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Days, Months and Years

In this worksheet, students will explore why we have days, months and years.

'Days, Months and Years' worksheet

Key stage:  KS 3

Curriculum topic:   Physics: Space Physics

Curriculum subtopic:   Seasons and the Earth's Tilt

Difficulty level:  

Worksheet Overview

Our planet is the Earth: it is shaped like a sphere and gets heat and light from the Sun. The Earth spins on its axis. A day on Earth is 24 hours, because it takes it that long to make a complete spin. Have a look at Earth being tilted on its axis.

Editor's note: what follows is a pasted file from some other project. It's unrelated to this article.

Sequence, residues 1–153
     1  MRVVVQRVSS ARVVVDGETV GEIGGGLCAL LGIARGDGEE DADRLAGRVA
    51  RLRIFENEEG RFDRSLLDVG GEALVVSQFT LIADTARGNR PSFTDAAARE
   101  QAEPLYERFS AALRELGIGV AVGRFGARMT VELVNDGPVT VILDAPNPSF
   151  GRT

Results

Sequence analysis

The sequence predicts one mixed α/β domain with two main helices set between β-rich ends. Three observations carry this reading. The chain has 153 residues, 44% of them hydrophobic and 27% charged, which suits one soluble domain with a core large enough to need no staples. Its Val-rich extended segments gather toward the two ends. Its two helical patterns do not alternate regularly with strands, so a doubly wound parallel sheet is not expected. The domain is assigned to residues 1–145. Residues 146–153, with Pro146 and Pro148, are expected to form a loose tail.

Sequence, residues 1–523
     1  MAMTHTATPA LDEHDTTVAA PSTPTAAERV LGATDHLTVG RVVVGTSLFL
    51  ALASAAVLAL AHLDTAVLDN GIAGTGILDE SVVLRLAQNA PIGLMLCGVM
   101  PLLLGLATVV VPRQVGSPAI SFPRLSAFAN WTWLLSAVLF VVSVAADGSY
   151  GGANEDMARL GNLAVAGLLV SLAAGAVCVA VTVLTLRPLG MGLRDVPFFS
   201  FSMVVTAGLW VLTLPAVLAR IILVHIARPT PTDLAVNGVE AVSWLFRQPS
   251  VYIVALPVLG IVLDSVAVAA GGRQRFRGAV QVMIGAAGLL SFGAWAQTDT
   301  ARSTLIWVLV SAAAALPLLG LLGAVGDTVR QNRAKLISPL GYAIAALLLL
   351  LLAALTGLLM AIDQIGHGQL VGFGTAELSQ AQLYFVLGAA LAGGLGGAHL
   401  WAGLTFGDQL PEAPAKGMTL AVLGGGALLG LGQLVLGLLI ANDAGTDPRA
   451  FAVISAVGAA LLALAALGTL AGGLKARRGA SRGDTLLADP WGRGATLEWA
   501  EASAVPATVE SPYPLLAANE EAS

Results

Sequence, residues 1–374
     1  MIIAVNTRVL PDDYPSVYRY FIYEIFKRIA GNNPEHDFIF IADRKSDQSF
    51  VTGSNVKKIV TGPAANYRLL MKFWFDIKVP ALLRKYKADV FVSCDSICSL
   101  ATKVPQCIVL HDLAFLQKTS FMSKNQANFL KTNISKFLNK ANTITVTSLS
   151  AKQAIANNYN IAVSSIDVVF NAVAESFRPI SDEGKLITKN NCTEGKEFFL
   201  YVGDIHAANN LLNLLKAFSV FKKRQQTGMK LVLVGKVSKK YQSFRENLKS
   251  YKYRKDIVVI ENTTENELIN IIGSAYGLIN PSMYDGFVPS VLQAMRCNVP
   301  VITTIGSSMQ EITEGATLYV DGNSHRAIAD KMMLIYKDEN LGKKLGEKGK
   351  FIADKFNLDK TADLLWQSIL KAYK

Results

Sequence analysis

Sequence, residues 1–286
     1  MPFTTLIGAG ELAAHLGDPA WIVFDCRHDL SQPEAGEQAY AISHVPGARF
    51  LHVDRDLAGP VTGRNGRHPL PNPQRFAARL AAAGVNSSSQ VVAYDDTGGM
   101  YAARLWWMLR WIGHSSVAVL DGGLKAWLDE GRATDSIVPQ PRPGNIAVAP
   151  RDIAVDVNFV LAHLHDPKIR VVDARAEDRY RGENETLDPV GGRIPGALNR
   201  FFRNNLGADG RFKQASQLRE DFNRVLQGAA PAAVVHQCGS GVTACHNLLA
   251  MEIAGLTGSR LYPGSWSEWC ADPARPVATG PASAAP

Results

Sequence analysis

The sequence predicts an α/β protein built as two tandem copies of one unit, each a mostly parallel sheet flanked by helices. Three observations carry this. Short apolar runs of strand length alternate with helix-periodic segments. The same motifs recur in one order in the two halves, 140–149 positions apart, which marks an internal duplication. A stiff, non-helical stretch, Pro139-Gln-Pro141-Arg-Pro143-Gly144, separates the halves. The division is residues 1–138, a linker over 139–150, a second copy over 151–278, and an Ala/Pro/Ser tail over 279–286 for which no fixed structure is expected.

Earth axis

 

The spin of the Earth makes us see the Sun rising in the east in the morning and setting in the west in the evening. The half of the Earth that faces the Sun has day and the other half night. This alternates as the Earth spins.

 

It takes the Earth one year (365.25 days) to orbit the Sun. In the summer, days are longer and the Sun shines higher in the sky. The Earth's orbit is like an ellipse. Check the shape of an ellipse in the following diagram.

 

Orbit of Earth and seasons

 

Our calendar year is 365 days long, so every four years we add an extra day to make up the time; this is called a leap year (when February has 29 days).

 

Earth and moon

 

A satellite is something that orbits around a planet. The Earth has a natural satellite: the Moon.

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